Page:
Fact 1. Let $R$ be a left primitive ring and $M$ a faithful simple left $R$ module. By Schur’s lemma $D=\text{End}_R(M)$ is a division ring and $M$ can be considered as a right vector space over $D$ in the usual way. Let $S=\text{End}_D(M)$ and define $\varphi : R \longrightarrow S$ by $\varphi(r)(x)=rx,$ for all $r \in R$ and $x \in M.$ Then $\varphi$ is a well-defined ring homomorphism. Also $\varphi$ is one-to-one because $M$ is faithful. So $R$ can be viewed as a subring of $S.$

Fact 2. Every left primitive ring $R$ is prime. To see this, suppose $M$ is a faithful simple left $R$ module and $I,J$ be two non-zero ideals of $R$ with $IJ=(0).$  Now $JM$ is a submodule of $M$ and $M$ is simple. Therefore either $JM=(0)$ or $JM=M.$ If $JM=(0),$ then we get $(0) \neq J \subseteq \text{ann}_R M = (0),$ which is nonsense. Finally, if $JM=M,$ then we will have $(0)=(IJ)M=I(JM)=IM.$ Thus $I \subseteq \text{ann}_R M = (0)$ and so $I=(0),$ a contradiction!

Fact 3. A trivial result of Fact 2 is that the center of a left primitive ring is a commutative domain. A non-trivial fact is that every commutative domain is the center of some left primitive ring. For a proof of this see: T. Y. Lam,  A First Course in Noncommutative Ring Theory, page 195.

Fact 4. Let $R$ be a prime ring and $M$ a faithful left $R$ module of finite length. Then $R$ is left primitive. To see this, let $(0)=M_0 \subset M_1 \subset \cdots \subset M_n=M$ be a composition series of $M.$ Therefore $M_k/M_{k-1}$ is a simple left $R$ module for every $1 \leq k \leq n.$ We also let $I_k=\text{ann}_R (M_k/M_{k-1}).$ Then each $I_k$ is an ideal of $R$ and it’s easy to see that $I_1I_2 \cdots I_nM = (0).$ Thus $I_1I_2 \cdots I_n = (0),$ because $M$ is faithful. Hence $I_{\ell} = (0),$ for some $\ell,$ because $R$ is prime. Therefore $M_{\ell}/M_{\ell - 1}$ is a faithful simple left $R$ module.

Fact 5. Every left primitive ring $R$ is semiprimitive. This is easy to see: let $M$ be a faithful simple left $R$ module and $J=J(R)$, as usual, be the Jacobson radical of $R.$ The claim is that $J=(0)$. So suppose that $J \neq \{0\}$  and choose $0 \neq x \in M.$ Then $Rx=M,$ because $M$ is simple, and so $JM=Jx.$ Also either $JM=(0)$, which is impossible because then $J \subseteq \text{ann}_R M=(0)$, or $JM=M.$ If $Jx=JM=M,$ then $ax =x,$ for some $a \in J.$ Thus $(1-a)x=0,$ which gives us the contradiction $x = 0,$ because $1-a$ is invertible in $R.$

## Semiprimitivity of C[G]

Posted: December 2, 2009 in Group Algebras, Noncommutative Ring Theory Notes
Tags: , , , ,

Notation. For a ring $R$ let $J(R)$ be the Jacobson radical of $R.$

Definition. Recall that if $k$ is a field and $G$ is a group, then the group algebra $k[G]$ has two structures. Firstly, as a vector space over $k,$ it has $G$ as a basis, i.e. every element of $k[G]$ is uniquely written as $\sum_{g \in G} x_g g,$ where $x_g \in k.$ In particular, $\dim_k k[G]=|G|,$ as cardinal numbers. Secondly, multiplication is also defined in $k[G].$ If $x = \sum_{g \in G} x_g g$ and $y = \sum_{g \in G} y_g g$ are two elements of $k[G],$ then we just multiply $xy$ in the ordinary fashion using distribution law. To be more precise, we define $xy = \sum_{g \in G} z_g g,$ where $z_g = \sum_{rs=g} x_r y_s.$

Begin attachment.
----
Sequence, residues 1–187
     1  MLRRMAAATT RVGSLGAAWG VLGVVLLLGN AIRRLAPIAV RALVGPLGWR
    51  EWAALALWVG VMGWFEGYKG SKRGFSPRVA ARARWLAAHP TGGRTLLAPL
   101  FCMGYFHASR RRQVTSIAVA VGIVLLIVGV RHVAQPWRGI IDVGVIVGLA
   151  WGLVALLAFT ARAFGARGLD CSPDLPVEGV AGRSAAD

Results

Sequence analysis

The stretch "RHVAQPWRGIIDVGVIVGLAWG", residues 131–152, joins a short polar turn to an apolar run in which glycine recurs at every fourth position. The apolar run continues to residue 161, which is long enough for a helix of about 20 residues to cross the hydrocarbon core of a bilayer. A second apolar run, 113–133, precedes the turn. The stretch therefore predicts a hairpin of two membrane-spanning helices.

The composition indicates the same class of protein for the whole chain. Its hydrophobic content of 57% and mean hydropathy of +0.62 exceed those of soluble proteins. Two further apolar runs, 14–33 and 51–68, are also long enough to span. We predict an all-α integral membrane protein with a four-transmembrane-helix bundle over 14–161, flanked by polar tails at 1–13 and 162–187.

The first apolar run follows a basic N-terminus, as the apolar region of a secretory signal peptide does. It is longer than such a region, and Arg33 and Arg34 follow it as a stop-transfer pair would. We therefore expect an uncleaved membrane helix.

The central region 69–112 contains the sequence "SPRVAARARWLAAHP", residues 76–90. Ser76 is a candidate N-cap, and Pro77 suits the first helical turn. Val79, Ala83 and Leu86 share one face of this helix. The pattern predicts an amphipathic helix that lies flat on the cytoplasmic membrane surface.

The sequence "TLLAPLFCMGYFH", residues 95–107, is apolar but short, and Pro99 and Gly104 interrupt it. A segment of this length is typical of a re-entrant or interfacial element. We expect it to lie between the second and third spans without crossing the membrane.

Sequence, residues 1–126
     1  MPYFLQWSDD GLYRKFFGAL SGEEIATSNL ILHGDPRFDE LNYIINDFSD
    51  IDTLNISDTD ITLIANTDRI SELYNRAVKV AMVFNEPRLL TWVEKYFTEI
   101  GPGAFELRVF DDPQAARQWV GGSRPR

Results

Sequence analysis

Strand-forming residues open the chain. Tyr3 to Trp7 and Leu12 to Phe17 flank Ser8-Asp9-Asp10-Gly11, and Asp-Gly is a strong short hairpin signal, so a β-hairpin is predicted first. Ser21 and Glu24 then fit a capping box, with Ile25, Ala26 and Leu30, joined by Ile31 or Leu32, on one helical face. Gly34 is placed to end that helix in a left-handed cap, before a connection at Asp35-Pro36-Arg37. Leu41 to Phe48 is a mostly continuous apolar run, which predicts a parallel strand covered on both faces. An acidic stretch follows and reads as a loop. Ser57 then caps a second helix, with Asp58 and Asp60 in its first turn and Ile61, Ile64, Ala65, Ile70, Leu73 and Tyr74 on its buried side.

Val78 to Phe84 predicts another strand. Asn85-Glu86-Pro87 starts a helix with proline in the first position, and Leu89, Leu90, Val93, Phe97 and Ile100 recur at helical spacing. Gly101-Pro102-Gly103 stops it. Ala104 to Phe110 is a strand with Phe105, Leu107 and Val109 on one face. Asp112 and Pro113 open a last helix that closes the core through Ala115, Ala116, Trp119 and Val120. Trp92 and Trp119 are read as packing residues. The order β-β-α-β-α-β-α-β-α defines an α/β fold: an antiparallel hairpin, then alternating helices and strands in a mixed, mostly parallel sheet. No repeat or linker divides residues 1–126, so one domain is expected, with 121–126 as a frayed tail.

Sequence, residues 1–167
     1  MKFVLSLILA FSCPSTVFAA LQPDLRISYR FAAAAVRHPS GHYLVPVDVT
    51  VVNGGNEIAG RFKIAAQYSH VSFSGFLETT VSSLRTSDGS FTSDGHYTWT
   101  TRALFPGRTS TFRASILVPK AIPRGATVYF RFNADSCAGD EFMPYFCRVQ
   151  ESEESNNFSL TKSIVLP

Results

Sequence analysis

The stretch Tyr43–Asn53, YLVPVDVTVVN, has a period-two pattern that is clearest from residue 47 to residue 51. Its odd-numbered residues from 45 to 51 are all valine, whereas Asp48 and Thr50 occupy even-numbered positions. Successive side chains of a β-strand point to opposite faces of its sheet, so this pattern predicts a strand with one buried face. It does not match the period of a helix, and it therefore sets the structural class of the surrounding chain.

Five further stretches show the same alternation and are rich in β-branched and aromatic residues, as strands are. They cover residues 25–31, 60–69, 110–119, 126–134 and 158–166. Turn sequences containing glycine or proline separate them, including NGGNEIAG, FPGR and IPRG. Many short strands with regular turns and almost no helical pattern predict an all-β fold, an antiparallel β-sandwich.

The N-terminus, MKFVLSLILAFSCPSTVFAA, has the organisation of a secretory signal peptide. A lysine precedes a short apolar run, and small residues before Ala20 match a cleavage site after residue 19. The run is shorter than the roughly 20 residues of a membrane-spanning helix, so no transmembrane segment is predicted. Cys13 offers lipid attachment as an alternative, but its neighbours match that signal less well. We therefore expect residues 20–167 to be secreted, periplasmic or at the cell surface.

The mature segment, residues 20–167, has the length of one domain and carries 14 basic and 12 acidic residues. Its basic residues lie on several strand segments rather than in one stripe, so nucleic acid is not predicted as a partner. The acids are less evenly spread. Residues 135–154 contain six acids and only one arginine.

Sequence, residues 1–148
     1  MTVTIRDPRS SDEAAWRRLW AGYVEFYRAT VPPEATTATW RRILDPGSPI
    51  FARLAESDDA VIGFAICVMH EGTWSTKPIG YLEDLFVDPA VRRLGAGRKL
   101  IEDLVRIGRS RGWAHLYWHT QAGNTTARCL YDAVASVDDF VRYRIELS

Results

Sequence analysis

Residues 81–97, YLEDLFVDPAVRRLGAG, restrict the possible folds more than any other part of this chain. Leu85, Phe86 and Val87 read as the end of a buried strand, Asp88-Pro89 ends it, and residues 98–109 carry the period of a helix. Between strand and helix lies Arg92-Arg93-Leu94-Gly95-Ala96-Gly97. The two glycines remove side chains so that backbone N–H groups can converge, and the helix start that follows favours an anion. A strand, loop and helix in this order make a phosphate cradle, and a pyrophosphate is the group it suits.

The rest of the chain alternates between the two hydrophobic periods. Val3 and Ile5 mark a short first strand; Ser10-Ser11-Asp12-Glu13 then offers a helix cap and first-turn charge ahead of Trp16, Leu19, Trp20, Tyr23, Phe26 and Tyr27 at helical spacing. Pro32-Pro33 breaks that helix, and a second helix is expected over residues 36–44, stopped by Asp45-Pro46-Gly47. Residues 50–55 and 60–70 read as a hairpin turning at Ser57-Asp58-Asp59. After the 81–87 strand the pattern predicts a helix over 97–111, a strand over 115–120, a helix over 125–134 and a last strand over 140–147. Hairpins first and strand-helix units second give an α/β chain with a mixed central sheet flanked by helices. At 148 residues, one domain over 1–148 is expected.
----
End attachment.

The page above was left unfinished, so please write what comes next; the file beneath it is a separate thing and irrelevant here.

We are going to prove that $J(\mathbb{C}[G])=0,$ for every group $G.$

Lemma. $J(\mathbb{C}[G])$ is nil, i.e. every element of $J(\mathbb{C}[G])$ is nilpotent.

Proof. If $G$ is countable, we are done by this theorem. For the general case, let $\alpha \in J(\mathbb{C}[G]).$ So $\alpha =\sum_{i=1}^n c_ig_i,$ for some $c_i \in \mathbb{C}, \ g_i \in G.$ Let $H=\langle g_1,g_2, \cdots , g_n \rangle.$ Clearly $\alpha \in H$ and $H$ is countable. So to complete the proof, we only need to show that $\alpha \in J(\mathbb{C}[H]).$ Write $G = \bigcup_i x_iH,$ where $x_iH$ are the distinct cosets of $H$ in $G.$ Then $\mathbb{C}[G]=\bigoplus_i x_i \mathbb{C}[H],$ which means $\mathbb{C}[G]=\mathbb{C}[H] \oplus K,$ for some right $\mathbb{C}[H]$ module $K.$ Now let $\beta \in \mathbb{C}[H].$ Since  $\alpha \in J(\mathbb{C}[G]),$ there exists $\gamma \in \mathbb{C}[G]$ such that $\gamma (1 - \beta \alpha ) = 1.$ We also have $\gamma = \gamma_1 + \gamma_2,$ for some $\gamma_1 \in \mathbb{C}[H], \ \gamma_2 \in K.$ That now gives us $\gamma_1(1 - \beta \alpha)=1. \ \Box$

Theorem. $J(\mathbb{C}[G])=0,$ for any group $G.$

Proof. For any $x =\sum_{i=1}^n c_i g_i\in \mathbb{C}[G]$ define

$x^* = \sum_{i=1}^n \overline{c_i} g_i^{-1}.$

It’s easy to see that $xx^*=0$ if and only if $x=0$ and for all $x,y \in \mathbb{C}[G]: \ (xy)^*=y^*x^*.$ Now suppose that $J(\mathbb{C}[G]) \neq 0$ and let $0 \neq \alpha \in J(\mathbb{C}[G]).$ Put $\beta = \alpha \alpha^* \in J(\mathbb{C}[G]).$ By what I just mentioned $\beta \neq 0$ and $(\beta^m)^* = (\beta^*)^m=\beta^m,$ for all positive integers $m.$ By the lemma, there exists $k \geq 2$ such that $\beta^k = 0$ and $\beta^{k-1} \neq 0.$ Thus $\beta^{k-1} (\beta^{k-1})^* = \beta^{2k-2} = 0,$ which implies that $\beta^{k-1} = 0.$ Contradiction! $\Box$

Corollary. If $G$ is finite, then $\mathbb{C}[G]$ is semisimple.

Proof. We just proved that $J(\mathbb{C}[G])=(0).$ So we just need to show that $\mathbb{C}[G]$ is Artinian. Let

$I_1 \supset I_2 \supset \cdots \ \ \ \ \ \ \ \ \ \ \ \ \ (*)$

be a descending chain of left ideals of $\mathbb{C}[G].$ Obviously each $I_j$ is a $\mathbb{C}$-subspace of $\mathbb{C}[G].$ Thus each $I_j$ is finite dimensional because $\dim_{\mathbb{C}} \mathbb{C}[G]=|G| < \infty.$ Hence $(*)$ will stablize at some point because $\dim_{\mathbb{C}} I_1 < \infty$ and $\dim_{\mathbb{C}}I_1 > \dim_{\mathbb{C}} I_2 > \cdots .$ Thus $\mathbb{C}[G]$ is (left) Artinian and the proof is complete because we know a ring is semisimple if and only if it is (left) Artinian and its Jacobson radical is zero. $\Box$